Mondaq hopes that our registered users will support us in maintaining our free to view business model by consenting to our use of your personal data as described below.

Mondaq has a "free to view" business model. Our services are paid for by Contributors in exchange for Mondaq providing them with access to information about who accesses their content. Once personal data is transferred to our Contributors they become a data controller of this personal data. They use it to measure the response that their articles are receiving, as a form of market research. They may also use it to provide Mondaq users with information about their products and services.

Details of each Contributor to which your personal data will be transferred is clearly stated within the Content that you access. For full details of how this Contributor will use your personal data, you should review the Contributor’s own Privacy Notice.

Please indicate your preference below:

Yes, I am happy to support Mondaq in maintaining its free to view business model by agreeing to allow Mondaq to share my personal data with Contributors whose Content I access
No, I do not want Mondaq to share my personal data with Contributors

Also please let us know whether you are happy to receive communications promoting products and services offered by Mondaq:

Yes, I am happy to received promotional communications from Mondaq
No, please do not send me promotional communications from Mondaq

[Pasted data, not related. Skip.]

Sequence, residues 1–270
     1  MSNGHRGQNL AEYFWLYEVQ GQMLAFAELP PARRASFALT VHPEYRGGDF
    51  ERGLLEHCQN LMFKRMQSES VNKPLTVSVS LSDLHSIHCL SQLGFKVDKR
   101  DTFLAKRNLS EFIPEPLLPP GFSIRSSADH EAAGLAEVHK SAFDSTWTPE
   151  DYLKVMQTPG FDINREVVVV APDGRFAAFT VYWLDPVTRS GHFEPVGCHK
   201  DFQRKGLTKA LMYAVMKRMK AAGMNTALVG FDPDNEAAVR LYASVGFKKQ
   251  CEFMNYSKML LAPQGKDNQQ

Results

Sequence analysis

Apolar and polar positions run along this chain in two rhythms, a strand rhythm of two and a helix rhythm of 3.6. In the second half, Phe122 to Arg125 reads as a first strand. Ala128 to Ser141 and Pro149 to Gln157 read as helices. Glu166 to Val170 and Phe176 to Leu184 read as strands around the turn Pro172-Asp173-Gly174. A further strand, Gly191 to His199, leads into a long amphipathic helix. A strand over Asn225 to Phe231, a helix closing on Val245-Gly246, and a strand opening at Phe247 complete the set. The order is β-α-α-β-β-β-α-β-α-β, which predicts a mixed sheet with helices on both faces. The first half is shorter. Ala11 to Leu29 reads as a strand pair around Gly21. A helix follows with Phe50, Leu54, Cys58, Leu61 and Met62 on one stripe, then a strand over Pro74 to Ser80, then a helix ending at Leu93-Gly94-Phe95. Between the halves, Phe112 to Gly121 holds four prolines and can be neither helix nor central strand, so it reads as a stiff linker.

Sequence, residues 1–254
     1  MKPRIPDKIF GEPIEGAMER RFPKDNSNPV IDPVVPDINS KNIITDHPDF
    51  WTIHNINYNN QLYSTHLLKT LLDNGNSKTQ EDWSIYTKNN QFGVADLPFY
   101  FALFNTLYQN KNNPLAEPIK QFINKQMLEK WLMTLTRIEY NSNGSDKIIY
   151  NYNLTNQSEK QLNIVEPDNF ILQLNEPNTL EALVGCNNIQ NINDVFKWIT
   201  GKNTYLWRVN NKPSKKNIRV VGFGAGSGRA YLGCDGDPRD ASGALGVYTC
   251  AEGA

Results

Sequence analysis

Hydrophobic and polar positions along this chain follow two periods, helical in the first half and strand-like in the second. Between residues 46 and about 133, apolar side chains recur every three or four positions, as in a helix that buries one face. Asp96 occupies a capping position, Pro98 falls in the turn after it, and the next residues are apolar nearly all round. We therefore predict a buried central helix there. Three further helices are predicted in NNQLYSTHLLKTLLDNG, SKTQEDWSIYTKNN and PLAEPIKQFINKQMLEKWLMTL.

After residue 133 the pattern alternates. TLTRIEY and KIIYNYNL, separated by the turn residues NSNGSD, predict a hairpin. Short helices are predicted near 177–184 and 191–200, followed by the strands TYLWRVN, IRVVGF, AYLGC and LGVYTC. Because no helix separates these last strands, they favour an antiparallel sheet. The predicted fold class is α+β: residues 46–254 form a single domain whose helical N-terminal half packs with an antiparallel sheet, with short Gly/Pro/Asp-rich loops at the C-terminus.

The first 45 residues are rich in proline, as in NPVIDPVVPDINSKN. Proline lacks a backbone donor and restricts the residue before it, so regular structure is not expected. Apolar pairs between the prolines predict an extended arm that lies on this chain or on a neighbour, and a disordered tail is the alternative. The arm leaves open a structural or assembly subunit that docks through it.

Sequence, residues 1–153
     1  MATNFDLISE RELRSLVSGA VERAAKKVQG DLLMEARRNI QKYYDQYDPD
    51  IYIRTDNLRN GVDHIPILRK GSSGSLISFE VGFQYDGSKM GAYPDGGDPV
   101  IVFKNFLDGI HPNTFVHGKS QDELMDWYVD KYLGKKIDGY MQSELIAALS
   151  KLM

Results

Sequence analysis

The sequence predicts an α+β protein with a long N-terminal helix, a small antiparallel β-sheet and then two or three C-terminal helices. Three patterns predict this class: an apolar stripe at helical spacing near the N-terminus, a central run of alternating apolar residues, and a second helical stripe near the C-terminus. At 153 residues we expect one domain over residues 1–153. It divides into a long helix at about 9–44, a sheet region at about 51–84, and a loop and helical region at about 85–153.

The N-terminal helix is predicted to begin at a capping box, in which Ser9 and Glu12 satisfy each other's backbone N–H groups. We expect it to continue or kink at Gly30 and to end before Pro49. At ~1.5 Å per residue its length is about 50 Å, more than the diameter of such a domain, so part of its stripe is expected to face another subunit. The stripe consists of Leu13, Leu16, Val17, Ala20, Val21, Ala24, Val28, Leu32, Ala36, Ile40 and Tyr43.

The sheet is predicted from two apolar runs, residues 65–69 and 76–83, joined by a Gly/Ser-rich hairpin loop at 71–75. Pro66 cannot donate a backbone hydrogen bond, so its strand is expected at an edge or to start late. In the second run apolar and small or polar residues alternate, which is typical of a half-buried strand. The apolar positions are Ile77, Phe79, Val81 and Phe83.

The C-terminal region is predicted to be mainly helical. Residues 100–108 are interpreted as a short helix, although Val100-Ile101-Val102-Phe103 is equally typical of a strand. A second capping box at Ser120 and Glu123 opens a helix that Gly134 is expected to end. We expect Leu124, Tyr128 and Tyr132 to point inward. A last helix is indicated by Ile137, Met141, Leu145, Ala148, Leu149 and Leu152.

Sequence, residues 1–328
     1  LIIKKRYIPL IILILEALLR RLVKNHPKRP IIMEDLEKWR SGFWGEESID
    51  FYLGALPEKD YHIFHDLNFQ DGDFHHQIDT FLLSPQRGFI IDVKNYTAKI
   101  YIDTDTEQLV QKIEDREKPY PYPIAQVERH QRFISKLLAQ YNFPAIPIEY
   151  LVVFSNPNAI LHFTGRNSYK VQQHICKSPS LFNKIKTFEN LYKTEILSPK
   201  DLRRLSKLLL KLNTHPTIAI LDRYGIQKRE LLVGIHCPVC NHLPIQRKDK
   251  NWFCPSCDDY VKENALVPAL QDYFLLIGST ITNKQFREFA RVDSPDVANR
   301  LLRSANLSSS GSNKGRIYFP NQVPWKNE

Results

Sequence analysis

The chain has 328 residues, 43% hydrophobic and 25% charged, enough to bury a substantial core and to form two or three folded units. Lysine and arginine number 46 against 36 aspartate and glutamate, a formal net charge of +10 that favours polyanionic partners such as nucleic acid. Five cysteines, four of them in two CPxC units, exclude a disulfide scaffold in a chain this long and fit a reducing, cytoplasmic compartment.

Terms & Conditions

Mondaq.com (the Website) is owned and managed by Mondaq Ltd (Mondaq). Mondaq grants you a non-exclusive, revocable licence to access the Website and associated services, such as the Mondaq News Alerts (Services), subject to and in consideration of your compliance with the following terms and conditions of use (Terms). Your use of the Website and/or Services constitutes your agreement to the Terms. Mondaq may terminate your use of the Website and Services if you are in breach of these Terms or if Mondaq decides to terminate the licence granted hereunder for any reason whatsoever.

Use of www.mondaq.com

To Use Mondaq.com you must be: eighteen (18) years old or over; legally capable of entering into binding contracts; and not in any way prohibited by the applicable law to enter into these Terms in the jurisdiction which you are currently located.

You may use the Website as an unregistered user, however, you are required to register as a user if you wish to read the full text of the Content or to receive the Services.

You may not modify, publish, transmit, transfer or sell, reproduce, create derivative works from, distribute, perform, link, display, or in any way exploit any of the Content, in whole or in part, except as expressly permitted in these Terms or with the prior written consent of Mondaq. You may not use electronic or other means to extract details or information from the Content. Nor shall you extract information about users or Contributors in order to offer them any services or products.